Once again the polls show that Health is shaping up as a critical issue in Victorian elections and is second only to the cost of living in a poll conducted earlier this month. No details on why Health is rated so highly however Failed ambulance response timesemergency department stacking, prolonged waits for elective procedures, and Mental health care Maybe they all contribute. COVID-19 deniers may also have ranked highly in health. Although the government has taken action in some of these areas, it remains an area where Labor has traditionally been strong but is seen to be lagging behind in 2022.
The response of both parties was a tsunami of politics, with the vast majority Promises of more hospital beds, a strategy similar to that pursued by the government in 2019. According to the Victorian Parliamentary Budget Office, the Liberals and Citizens have promised $7.7 billion to health so far, about a quarter of their total commitments. Employment was recorded as promising $4.4 billion, about 40 percent of all its recorded commitments, but the Office of the Budget’s data does not yet include the colossal amount. $5 billion Arden-Parkville commitment.
The government’s 2019 promises resulted in some impressive billboards indicating the location of promised facilities but no additional patients were treated as a result of those election commitments. This is not unexpected given the long delays in planning and building a new hospital. Therefore, if the electors think that any of the obligations, by either party, will be fulfilled by this contract, they will be sorely disappointed.
But delays are not the main issue with these hospital promises.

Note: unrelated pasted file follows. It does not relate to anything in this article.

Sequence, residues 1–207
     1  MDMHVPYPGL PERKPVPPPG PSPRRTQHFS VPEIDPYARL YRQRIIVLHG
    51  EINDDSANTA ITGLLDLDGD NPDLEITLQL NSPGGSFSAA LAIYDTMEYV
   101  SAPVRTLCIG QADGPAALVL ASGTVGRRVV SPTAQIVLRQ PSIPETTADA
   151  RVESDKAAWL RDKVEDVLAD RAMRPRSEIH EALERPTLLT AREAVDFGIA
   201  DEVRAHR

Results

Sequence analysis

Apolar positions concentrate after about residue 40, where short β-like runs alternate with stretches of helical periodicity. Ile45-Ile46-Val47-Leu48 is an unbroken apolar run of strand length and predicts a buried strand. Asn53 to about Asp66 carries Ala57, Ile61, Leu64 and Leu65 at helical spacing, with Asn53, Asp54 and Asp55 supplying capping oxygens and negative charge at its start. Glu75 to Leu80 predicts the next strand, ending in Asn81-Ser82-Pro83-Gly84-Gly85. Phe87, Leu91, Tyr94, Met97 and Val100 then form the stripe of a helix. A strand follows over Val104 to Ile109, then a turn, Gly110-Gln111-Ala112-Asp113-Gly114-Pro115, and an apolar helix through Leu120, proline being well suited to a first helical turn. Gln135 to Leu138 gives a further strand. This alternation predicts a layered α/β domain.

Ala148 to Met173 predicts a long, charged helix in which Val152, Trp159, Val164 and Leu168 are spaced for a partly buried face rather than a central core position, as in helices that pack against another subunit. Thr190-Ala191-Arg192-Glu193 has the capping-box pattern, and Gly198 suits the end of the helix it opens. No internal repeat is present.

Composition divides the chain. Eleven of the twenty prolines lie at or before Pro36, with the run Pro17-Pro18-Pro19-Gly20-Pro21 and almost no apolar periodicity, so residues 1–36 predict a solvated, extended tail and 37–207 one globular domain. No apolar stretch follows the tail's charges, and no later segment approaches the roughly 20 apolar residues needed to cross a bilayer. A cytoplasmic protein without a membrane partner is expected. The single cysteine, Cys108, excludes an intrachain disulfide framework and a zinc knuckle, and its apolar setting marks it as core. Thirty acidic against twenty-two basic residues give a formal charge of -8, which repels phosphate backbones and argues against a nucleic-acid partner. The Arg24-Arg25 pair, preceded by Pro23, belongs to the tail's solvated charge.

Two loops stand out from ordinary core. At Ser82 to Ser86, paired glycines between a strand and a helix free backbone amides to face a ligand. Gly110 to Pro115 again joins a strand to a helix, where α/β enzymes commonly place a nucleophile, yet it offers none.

The big question is whether the promised spending reflects the right priorities. Health policy should start, naturally enough, with health. It should include policies to preserve the health of the public, including investing in pandemic preparedness. Empowering people to manage their illnesses, and addressing the social, economic and business determinants of health, must be at the forefront of any health policy. Unfortunately, not much has been heard from either party in these areas.
The second component of a good policy should be the promotion of welfare in the community. Priority should also be given to expanding primary care, including community mental health care and community health centres. It will include additional hospital services such as in-home hospitalization, in-home rehabilitation, and virtual outpatient care. We have a paragraph or two in our lists of promises, but nowhere near the focus to be seen in 21st century politics.
Only after we invest in these areas does the third element of politics, the family, come to the fore. Building beds and staffing is expensive, and for this reason, politicians must ensure that the first two are properly resourced and functioning before investing in the most acute hospital facilities.
Politicians love hospitals, and they are the epitome of the so-called “edifice complex.” Hospitals have great machines with bright lights and offer almost unlimited opportunities for turning stones and cutting strips. The public understands hospitals, so promising more hospitals is an easy policy to explain and promote. But the public should not be blamed for the failure of politicians to engage the public about good health policy over the past decade, and the lack of a compelling public vision of what good health policy should be.